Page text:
Anything offering the appearance of perfection in our mistake-prone and/or self-dealing human condition should carry a clear warning: Beware. Perfection, in fact, is a conspiracy's Achilles' heel, the very quality that makes it unbelievable. This is why conspiracies without solid, verifiable proof require fantasy-prone "believers" to keep them breathing.

Fantasy football, fantasy baseball, etc., are harmlessly entertaining games. But fantasy politics? That can become a very dangerous game. Just ask the Capitol Police and Ashli Babbitt's survivors.

Chuck Boyer, White Bear Lake


Simone Biles' bravery inspires

When Simone Biles had to take a medical leave from competing, she also took a stand for all of us who face mental health and anxiety challenges ("Biles puts 'mind and body' ahead of gold," July 28). My condition seemingly came on like a light switch and forced me to put my career on hold almost two years ago. There is no miracle cure for me but I keep working, seeing docs, trying new medicines and attending group. I pray this is something that Biles can work her way past quickly. She is so young and so gifted. I also pray we, and the media, can give her the space she needs to just breathe and let go of the weight we have put on her to be the best in the world. But, I do know one thing, Simone: You give voice to the rest of us that when the world is too much, it is OK to say "enough." Enough. For that, I say thank you.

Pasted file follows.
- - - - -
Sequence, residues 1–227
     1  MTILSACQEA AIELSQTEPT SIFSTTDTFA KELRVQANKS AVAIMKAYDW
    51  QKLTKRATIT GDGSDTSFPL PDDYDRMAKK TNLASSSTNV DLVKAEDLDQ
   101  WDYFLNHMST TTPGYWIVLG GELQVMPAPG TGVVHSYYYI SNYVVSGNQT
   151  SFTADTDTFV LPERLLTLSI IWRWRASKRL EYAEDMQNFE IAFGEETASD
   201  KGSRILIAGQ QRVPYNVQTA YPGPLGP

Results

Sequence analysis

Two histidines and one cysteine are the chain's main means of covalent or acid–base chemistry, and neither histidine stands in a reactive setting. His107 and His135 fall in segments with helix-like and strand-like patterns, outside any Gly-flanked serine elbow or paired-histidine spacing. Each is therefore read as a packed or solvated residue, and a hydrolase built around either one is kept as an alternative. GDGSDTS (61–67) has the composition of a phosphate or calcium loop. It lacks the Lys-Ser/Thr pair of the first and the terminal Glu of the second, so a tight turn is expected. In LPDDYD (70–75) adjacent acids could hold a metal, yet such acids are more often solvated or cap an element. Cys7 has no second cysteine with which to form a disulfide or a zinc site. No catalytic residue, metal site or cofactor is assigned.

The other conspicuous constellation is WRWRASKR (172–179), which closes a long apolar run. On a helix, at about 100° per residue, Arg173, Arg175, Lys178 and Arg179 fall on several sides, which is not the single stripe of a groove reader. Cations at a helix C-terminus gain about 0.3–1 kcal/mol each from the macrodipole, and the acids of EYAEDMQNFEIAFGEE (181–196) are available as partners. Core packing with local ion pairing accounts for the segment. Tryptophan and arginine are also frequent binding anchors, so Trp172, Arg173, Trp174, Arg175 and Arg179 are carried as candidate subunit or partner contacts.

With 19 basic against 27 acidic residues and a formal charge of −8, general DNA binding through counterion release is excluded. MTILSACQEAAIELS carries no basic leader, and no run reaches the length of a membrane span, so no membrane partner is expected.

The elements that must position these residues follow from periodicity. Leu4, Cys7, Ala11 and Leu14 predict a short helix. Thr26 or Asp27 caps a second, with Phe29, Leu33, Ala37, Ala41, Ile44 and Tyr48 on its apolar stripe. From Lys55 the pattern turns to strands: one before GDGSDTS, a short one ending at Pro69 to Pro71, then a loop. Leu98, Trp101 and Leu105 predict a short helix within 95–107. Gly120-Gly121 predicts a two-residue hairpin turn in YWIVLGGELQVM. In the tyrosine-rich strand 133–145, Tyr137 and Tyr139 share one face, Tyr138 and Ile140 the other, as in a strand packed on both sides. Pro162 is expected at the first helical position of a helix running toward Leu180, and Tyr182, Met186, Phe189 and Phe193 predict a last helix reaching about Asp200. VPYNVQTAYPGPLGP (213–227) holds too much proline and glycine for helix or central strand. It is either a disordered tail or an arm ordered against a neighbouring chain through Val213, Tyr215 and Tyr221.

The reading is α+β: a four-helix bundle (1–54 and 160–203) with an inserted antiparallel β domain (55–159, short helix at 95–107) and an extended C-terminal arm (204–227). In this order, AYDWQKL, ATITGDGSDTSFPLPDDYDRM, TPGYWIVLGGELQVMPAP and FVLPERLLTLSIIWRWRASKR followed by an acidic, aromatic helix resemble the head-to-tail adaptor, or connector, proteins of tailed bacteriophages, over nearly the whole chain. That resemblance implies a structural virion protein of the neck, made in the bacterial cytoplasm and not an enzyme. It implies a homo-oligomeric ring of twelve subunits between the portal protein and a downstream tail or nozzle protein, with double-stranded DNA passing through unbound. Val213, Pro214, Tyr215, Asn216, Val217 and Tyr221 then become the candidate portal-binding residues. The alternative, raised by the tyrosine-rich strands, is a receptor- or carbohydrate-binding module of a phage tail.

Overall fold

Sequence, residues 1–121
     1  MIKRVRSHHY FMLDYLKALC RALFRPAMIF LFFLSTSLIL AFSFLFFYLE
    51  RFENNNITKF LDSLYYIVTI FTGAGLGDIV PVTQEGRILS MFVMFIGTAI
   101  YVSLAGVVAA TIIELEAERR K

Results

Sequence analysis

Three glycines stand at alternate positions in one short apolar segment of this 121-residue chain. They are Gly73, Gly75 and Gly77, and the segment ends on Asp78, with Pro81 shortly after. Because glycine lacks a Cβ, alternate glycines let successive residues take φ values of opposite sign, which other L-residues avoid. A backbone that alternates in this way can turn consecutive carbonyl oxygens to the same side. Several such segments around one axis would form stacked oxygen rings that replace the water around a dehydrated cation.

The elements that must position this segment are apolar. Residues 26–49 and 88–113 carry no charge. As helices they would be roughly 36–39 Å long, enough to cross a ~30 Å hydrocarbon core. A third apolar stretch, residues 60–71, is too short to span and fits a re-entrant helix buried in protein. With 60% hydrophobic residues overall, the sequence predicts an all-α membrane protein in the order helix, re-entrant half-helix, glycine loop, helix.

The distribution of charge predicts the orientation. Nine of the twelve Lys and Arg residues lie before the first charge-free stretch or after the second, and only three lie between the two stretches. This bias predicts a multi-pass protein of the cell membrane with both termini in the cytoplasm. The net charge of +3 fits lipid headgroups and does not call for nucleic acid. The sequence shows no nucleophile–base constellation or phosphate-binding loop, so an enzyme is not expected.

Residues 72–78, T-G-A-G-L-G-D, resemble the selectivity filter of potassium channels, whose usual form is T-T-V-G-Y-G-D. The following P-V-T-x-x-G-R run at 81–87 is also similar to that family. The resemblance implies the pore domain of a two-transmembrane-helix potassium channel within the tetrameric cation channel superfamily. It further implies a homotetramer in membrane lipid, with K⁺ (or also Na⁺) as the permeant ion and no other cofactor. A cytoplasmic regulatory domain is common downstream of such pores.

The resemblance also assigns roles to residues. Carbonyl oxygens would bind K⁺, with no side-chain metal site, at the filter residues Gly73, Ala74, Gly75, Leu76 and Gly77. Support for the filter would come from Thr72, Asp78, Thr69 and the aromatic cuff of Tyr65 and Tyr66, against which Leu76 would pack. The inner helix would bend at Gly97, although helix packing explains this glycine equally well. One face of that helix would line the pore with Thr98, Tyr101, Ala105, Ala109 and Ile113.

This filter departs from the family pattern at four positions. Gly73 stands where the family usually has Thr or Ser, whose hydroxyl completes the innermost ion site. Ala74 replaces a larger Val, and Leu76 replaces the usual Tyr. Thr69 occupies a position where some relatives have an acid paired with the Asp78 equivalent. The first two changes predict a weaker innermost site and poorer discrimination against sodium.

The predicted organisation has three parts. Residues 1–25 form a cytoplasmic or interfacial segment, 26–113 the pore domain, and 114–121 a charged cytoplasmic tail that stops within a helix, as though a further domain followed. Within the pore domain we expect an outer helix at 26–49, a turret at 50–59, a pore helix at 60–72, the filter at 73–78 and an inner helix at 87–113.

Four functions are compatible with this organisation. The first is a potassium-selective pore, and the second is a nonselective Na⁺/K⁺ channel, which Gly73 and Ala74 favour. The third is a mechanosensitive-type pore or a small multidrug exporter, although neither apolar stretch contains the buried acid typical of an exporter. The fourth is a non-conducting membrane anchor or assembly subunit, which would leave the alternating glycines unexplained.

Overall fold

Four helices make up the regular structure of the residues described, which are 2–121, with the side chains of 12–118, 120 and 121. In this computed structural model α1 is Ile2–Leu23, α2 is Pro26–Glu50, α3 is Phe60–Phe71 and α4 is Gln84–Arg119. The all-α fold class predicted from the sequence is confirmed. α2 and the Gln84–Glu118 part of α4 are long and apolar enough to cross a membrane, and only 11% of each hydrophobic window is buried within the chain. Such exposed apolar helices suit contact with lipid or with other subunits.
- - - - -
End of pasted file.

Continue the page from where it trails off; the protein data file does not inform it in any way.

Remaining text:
Tim Pearson, Minneapolis


The greatest of all time? Without a doubt.

The greatest athlete in the world? A case could be made.

The bravest Olympian? Yes.

Nic Baker, Roseville


Don't they realize how this looks?